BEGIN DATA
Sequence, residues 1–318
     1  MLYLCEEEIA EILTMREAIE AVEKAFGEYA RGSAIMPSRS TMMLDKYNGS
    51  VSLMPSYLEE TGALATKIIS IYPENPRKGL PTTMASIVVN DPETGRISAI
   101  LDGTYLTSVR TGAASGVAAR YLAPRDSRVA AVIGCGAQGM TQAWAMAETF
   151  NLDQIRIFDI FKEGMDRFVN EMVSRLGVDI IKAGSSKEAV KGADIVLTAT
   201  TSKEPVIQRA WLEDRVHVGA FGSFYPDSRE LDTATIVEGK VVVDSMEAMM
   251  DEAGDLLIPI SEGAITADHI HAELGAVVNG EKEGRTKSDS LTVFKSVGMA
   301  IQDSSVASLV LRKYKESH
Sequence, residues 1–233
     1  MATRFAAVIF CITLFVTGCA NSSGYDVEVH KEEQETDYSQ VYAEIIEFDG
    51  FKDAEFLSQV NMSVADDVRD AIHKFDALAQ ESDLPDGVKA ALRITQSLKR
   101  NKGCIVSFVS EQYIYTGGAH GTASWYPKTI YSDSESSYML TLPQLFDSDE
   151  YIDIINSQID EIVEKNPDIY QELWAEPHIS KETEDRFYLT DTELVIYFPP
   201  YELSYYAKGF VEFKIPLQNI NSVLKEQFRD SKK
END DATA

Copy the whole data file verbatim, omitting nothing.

Sequence, residues 1–318
     1  MLYLCEEEIA EILTMREAIE AVEKAFGEYA RGSAIMPSRS TMMLDKYNGS
    51  VSLMPSYLEE TGALATKIIS IYPENPRKGL PTTMASIVVN DPETGRISAI
   101  LDGTYLTSVR TGAASGVAAR YLAPRDSRVA AVIGCGAQGM TQAWAMAETF
   151  NLDQIRIFDI FKEGMDRFVN EMVSRLGVDI IKAGSSKEAV KGADIVLTAT
   201  TSKEPVIQRA WLEDRVHVGA FGSFYPDSRE LDTATIVEGK VVVDSMEAMM
   251  DEAGDLLIPI SEGAITADHI HAELGAVVNG EKEGRTKSDS LTVFKSVGMA
   301  IQDSSVASLV LRKYKESH
Sequence, residues 1–233
     1  MATRFAAVIF CITLFVTGCA NSSGYDVEVH KEEQETDYSQ VYAEIIEFDG
    51  FKDAEFLSQV NMSVADDVRD AIHKFDALAQ ESDLPDGVKA ALRITQSLKR
   101  NKGCIVSFVS EQYIYTGGAH GTASWYPKTI YSDSESSYML TLPQLFDSDE
   151  YIDIINSQID EIVEKNPDIY QELWAEPHIS KETEDRFYLT DTELVIYFPP
   201  YELSYYAKGF VEFKIPLQNI NSVLKEQFRD SKK